Wednesday, July 18, 2007

Haneef admits it: "I was arrested"

Q38. Do you recall me saying that. That you were under arrest.

A. Yes you arrested me um, but I didn't know that, ah then you, you said that I have been ah involved in terrorist activities. But I deny that I have been involved in any...

Q39. Okay. Do you agree that I told you at that time that you were under arrest for providing material support to terrorist organisation.

A. Well I haven't, I, I haven't provided...

Q40. Okay. I understand that but I'm saying to you, do you agree that that's what I said to you.

A. Well I, I've submitted to you for whatever reasons, you have ah taken um top clear myself from whatever charges I am being put on.

Q41. Okay. I'm just asking you whether, do you recall me saying that you were under arrest.

A. Yes.

More here (PDF).

Phil Ruddock is spitting chips that this damning admission was leaked to The Oz.

Egging Brendan

Defence Minister Brendan Nelson, might find himself with a few things to explain about his handling of the Education portfolio, back in the day:
THE long-held secret of which nine Australian Research Council grants were vetoed by former education minister Brendan Nelson may soon be out, with the affected researchers to be asked whether they want the details made public.


Dr Nelson vetoed three projects in 2004 and seven in 2005 (one of which had been rejected in 2004, suggesting there were nine academics involved). These Discovery projects - believed to be in the social sciences and humanities - had been approved by ARC peer review.
(National Rupert Daily)
Any embarassment that might cause our Brendan, will come on top of being made a liar by Kevin Andrews' decision that Doctor Muhammed Haneef - reckless supplier of mobile phone facilities to family members who later turned out to be terrorists - will go into immigration detention if he ever takes advantage of his grant of bail. Last Thursday, The Times of India reported:
Refusing to go into merits or otherwise of the case of Haneef, who has been detained for the last nine days, or divulge details of the investigation, Nelson said there was "no intention to detain him (Haneef) beyond a period that is considered by the judge as appropriate."
The report, ironically, is headlined "Haneef case: India promises Australia all help". Pity it looks as if the promise was obtained under false pretences, making it completely void. But what do integrity and good diplomatic relations matter when you've got an election to win.

(Cross Posted at Larvatus Prodeo)

Tuesday, July 17, 2007

Go Ahead, Be Stupid - It's Your Democratic Right!

CHRIS UHLMANN: On a personal level, were you expecting to see some signs of a turnaround in the polls by now?

TONY ABBOTT: I think it would be fair to say that you always tend to expect that good government will get a political pay-off, and so far that isn't happening. But I remain reasonably optimistic.

I mean obviously Chris, the public have a right to vote for whomsoever they wish, and they have a right - if they wish - to replace a good government with an inept Opposition. I mean, they have that right.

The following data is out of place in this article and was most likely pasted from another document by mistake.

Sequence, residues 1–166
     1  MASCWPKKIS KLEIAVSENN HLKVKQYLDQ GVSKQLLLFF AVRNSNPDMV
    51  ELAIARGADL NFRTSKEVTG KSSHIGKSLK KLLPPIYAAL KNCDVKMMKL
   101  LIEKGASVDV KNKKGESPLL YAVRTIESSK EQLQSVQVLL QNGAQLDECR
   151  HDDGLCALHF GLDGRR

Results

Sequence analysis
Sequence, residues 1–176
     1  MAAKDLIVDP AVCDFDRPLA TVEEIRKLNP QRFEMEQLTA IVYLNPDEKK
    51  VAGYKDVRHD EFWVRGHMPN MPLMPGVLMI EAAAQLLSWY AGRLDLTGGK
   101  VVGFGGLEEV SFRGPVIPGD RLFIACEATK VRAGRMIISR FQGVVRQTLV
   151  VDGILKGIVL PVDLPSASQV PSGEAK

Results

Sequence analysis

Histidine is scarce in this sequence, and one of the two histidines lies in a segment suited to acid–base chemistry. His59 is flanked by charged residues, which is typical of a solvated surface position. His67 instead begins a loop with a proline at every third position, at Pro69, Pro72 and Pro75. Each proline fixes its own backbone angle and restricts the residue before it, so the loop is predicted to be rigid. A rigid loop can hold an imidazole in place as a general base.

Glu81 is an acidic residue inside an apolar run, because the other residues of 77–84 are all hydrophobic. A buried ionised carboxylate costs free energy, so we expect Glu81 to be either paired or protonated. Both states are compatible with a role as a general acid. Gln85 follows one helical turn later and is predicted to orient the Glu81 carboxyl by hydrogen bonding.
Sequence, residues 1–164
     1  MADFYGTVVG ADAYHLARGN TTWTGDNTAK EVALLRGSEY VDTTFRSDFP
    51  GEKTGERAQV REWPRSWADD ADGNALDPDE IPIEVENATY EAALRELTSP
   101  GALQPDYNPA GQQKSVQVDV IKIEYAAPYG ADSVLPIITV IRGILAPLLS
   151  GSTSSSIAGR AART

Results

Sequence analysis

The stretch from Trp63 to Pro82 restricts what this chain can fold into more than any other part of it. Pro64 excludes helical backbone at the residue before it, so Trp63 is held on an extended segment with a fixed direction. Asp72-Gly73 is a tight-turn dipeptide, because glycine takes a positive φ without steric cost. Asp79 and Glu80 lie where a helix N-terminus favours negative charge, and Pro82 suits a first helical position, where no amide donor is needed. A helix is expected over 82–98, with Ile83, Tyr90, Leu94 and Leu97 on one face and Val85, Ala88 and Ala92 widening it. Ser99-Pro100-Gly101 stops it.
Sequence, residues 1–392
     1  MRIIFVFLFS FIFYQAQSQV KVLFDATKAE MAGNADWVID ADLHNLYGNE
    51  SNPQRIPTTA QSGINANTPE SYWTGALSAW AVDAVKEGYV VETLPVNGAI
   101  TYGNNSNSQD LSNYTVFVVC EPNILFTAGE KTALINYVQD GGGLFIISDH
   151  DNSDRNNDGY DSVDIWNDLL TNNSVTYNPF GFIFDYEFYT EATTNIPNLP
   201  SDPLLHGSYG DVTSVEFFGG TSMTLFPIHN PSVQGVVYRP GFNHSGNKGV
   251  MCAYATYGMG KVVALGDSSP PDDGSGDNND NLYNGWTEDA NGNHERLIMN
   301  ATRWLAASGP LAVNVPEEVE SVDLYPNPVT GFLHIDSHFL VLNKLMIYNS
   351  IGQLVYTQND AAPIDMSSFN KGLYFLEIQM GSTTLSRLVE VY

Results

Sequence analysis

But nevertheless I guess I have always been pretty confident in the basic good sense of the Australian people. So we'll just keep going forward up to the election and hopefully beyond and see what happens.

(AM, 16 July 2007. My emphasis.)

Cross-posted at Larvatus Prodeo

Monday, July 16, 2007

Guns Don't Kill People - Doctors Kill People!

According to a comment at Club Troppo, doctors are a bigger threat to community safety than guns. And this, being the internet, the commenter, Phil, had the links to prove it.

First there was this report in The National Rupert Daily, "Hospital Bungles are Killing Scores":

AUSTRALIA'S first national report into serious mistakes in public hospitals has found at least 130 avoidable instances in which patients died or were put at serious risk.

Operations or investigations on the wrong patient, or the wrong body part, accounted for the biggest share of the mistakes, at 41 per cent of the 130 "sentinel events" recorded in 2004-05.


Stephen Bolsin, associate professor of patient safety at Victoria's Geelong Hospital, said there was no evidence hospital safety had improved since a landmark 1995 report showed that up to 8per cent of hospital patients would be the victim of a preventable mistake - and 10 per cent of these would cause permanent disability or death.

"Safety breaches in Australian healthcare are killing more people than breast cancer or road accidents," Associate Professor Bolsin said.

"But it doesn't get anything like the attention ... there's no evidence things have changed over the past 10 years."
I don't know the death rate from breast cancer, but it seems to me that Professor Bolkin is indulging in hyperbole when he says that the Australian healthcare system kills more people than road accidents. A quick check of the Australian Transport Safety Bureau's Road Deaths Australia: 2006 Statistical Summary reveals this fact:

In 2006, there were 1,601 persons killed in 1,456 road crashes. Comparing the number killed with the previous year, this was a 1.6% decrease (1,627 persons killed in 1,472 crashes).
So the comparative scores are: road traffic deaths - 1,601, patients killed or put at serious risk by the health system - 130. If Associate Professor Bolsin's claim is correct we still have around 1,500 iatrogenic deaths to account for.

Phil's other link is to this page at the Sporting Shooters' Association of Australia web-site, titled "Doctors: A Health Issue". Here you'll find plenty of reports and links on the health risks of health care.

There are plenty of adjectives to describe this sort of reporting. "Honest" and "truthful" aren't among them.

(Cross posted at Larvatus Prodeo)